May 1, 2012
A Travel Guide to New Venice (Part III) – Aurorarama releases today!
by Jean-Christophe Valtat
This is an occasional series by Jean-Christophe Valtat, author of Aurorarama, which releases on May 1st from Melville House. Aurorarama is the first installment in Valtat’s The Mysteries of New Venice trilogy. Read Part I or Part II here-
CUSTOMS AND CHARACTER
The life in New Venice revolves around, unsurprisingly, the overall bipartition of the Year in two distincts “seasons”, the “sunny” Spring and Summer on one side, the “nocturnal” Autumn and Winter, known as the “Night of the Gods”, on the other.
While the first part of the year is mainly devoted to work and outside activities, the second half is regarded by some as a time of seclusion and hibernation and by others as a six-months long party, dedicated to the pleasures and excess of all sorts which made the city legendary, at least for its own denizens.
Together with the climatic conditions, the isolation, and the will to foster and maintain a common culture can explain many particularities of the local social life. Through an endless series of festivals and holidays (even if the Carnival has recently lost a little of its sheen with the interdiction of masks), the city is constantly celebrating its own myth, congratulating itself for its endurance and its exceptionality. This usually gives New Venetians a keen sense of their identity, and the traveller a still keener sense of being an outsider.
Indeed, on a first encounter with foreigners, New Venetians may seem a bit aloof in spite of -or because- their extremely formal manners and quaint elegance. In conversation, they are prone to private jokes and obscure allusions, their use of English remaining sometimes unfathomable to the visitor, like this curious and somewhat tiresome obsession for alliterations ( often explained by the ancient Italian belief that the air of Venice provoked stuttering).
But the traveller has to be warned that, although they are a law-abiding people in many respects – there is surprisingly little crime- the sybaritic New Venetians have a view of moral life that is rather frightfully advanced or, some would say, scandalously permissive.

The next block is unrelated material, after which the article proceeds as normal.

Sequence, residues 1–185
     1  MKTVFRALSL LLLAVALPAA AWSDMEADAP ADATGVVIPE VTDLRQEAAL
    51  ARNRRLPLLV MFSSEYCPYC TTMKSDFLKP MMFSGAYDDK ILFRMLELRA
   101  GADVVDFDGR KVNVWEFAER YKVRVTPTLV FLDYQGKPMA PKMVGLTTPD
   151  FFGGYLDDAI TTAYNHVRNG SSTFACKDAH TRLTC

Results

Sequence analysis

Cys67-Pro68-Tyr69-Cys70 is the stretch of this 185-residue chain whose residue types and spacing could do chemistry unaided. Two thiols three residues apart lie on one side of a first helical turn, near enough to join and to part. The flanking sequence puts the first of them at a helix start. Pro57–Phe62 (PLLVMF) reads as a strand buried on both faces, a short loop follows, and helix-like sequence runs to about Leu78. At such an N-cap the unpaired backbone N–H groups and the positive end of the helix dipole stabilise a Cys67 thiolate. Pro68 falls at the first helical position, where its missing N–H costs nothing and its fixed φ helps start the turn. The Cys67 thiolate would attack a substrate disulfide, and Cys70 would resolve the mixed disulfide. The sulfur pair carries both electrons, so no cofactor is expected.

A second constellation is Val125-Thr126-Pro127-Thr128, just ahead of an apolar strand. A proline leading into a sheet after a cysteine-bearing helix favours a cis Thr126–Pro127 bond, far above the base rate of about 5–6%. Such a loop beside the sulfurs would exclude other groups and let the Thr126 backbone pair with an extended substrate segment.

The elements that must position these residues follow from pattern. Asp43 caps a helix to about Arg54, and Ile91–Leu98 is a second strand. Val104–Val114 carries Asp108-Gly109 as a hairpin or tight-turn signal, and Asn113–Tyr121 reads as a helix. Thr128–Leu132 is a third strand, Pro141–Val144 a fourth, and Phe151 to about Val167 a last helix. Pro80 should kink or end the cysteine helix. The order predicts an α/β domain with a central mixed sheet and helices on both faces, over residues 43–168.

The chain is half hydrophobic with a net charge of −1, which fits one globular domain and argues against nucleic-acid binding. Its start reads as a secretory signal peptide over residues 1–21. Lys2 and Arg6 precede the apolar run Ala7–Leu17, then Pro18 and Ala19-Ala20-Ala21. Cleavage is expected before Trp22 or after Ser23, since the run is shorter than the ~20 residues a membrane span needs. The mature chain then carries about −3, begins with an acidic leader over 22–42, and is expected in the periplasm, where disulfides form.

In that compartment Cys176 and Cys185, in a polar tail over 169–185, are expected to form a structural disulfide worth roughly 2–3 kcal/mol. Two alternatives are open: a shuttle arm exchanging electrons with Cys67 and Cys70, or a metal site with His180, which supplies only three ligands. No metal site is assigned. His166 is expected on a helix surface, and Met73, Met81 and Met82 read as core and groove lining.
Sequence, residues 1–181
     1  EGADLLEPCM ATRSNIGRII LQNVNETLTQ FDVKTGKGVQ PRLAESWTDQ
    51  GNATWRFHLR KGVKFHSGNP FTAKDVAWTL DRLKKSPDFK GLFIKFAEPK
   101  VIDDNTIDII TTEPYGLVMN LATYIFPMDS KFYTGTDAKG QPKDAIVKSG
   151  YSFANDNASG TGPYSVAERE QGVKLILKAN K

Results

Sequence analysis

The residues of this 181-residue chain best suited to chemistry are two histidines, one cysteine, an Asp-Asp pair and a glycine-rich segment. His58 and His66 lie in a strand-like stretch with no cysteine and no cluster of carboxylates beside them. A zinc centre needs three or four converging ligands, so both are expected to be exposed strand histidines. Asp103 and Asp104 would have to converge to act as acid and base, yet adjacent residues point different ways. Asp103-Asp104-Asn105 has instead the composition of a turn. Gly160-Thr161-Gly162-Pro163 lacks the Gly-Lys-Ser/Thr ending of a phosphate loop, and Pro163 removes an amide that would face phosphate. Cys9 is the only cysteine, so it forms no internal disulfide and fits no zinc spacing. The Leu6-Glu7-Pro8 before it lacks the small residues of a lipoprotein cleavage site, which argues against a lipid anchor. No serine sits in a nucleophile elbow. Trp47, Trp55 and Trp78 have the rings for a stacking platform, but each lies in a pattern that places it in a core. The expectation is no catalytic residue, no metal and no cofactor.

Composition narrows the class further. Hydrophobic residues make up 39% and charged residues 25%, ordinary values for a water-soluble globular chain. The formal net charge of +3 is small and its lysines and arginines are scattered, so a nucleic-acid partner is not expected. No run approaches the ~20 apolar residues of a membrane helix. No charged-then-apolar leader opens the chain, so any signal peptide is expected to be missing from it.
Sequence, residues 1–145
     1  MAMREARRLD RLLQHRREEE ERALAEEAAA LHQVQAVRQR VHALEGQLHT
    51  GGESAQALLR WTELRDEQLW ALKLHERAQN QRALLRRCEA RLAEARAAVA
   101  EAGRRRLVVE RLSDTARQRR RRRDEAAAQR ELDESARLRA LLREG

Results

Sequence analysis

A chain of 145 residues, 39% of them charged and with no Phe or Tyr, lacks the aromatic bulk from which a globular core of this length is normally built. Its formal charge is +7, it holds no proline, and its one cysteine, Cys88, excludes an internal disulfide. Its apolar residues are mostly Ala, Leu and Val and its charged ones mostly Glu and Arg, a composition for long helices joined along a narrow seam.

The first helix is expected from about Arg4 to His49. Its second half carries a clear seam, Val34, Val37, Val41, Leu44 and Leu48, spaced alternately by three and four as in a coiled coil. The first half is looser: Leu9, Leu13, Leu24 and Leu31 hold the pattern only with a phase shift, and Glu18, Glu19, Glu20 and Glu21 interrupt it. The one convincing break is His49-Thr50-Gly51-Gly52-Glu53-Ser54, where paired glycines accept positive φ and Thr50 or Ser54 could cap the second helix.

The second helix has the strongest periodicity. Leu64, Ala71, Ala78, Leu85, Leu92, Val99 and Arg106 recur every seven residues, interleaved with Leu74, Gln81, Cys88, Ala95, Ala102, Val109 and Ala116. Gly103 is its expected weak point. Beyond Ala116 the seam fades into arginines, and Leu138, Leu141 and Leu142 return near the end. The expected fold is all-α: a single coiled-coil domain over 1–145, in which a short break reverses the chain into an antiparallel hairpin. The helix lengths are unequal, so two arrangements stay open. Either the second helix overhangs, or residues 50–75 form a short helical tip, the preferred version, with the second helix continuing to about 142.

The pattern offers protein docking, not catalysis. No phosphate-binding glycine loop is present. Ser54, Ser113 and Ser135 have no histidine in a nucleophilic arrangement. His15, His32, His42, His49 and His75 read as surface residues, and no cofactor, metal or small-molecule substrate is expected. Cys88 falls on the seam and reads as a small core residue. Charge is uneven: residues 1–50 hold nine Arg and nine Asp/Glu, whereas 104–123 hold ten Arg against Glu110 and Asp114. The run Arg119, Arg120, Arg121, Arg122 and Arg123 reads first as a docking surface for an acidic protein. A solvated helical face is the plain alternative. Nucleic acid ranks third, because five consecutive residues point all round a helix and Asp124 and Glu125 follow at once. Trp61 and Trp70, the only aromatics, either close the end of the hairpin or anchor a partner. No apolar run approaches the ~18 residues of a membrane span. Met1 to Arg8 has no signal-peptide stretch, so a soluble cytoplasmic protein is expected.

If alcohol is used with no more (or no less) excess than in any other Northern culture, New Venetians add to this diet a wide range of local synthetic drugs (the famous “psylicates” crystals), without which, they claim, life over 80° would be simply be impossible. Needless to say that it is usually regarded as the main reason behind the inhabitants’ somewhat peculiar sense of reality.
Recent policies have tried to curb down the drug consumption, but with very little success, as it is widely regarded by the inhabitants as an unalienable right and more of a cultural tradition than a social issue. Moreover, offering drugs is an integral part of the local hospitality. It is regarded as extremely rude to refuse, but we should remind the traveler that the most extreme caution is in order with these unusual substances.
No less peculiar is their approach of amorous life. If marriage remains an institution, adultery is not regarded as a felony and divorce laws are rather liberal. In a city where government-funded “pornoperas”(see below) constitute a prestigious form of art, where saunas, hot springs and light clinics are open to both sexes, we should not be surprised that free love, “eskimo-style” spouse-swapping and polyamorous relationships are regarded almost as part of the normal sociability. This laxity is encouraged by the fact that there are few children in New Venice, most of them being reared in discreet Polaris-Guild institutions located under slightly milder climates until they are of age to join their parents.
In any case, this “Bluetopia” is a facet of local life that the sensitive traveller may find most uncomfortable to adjust to. Or maybe not.
The scandalized tourist may always seek solace in the relatively numerous churches, which not only cater to the citizen’s taste for rituals, but also to certain mystic tendencies that have always been associated with the polar regions. If Catholicism seems to tower above the city thanks to the impressive dome of St-Mark’s Dream Cathedral, it is but one of the many cults or sects, traditional or otherwise, that have been encouraged by the Seven Sleepers. Accordingly, the spiritual traveller can make offerings or pray to a wide array of religious figures, from the A of Apollo, the Patron-Protector the city, to the Zs of Zinzendorf or Zoroaster.
Next Week: Culture and Science
JEAN CHRISTOPHE VALTAT is the author of Aurorarama.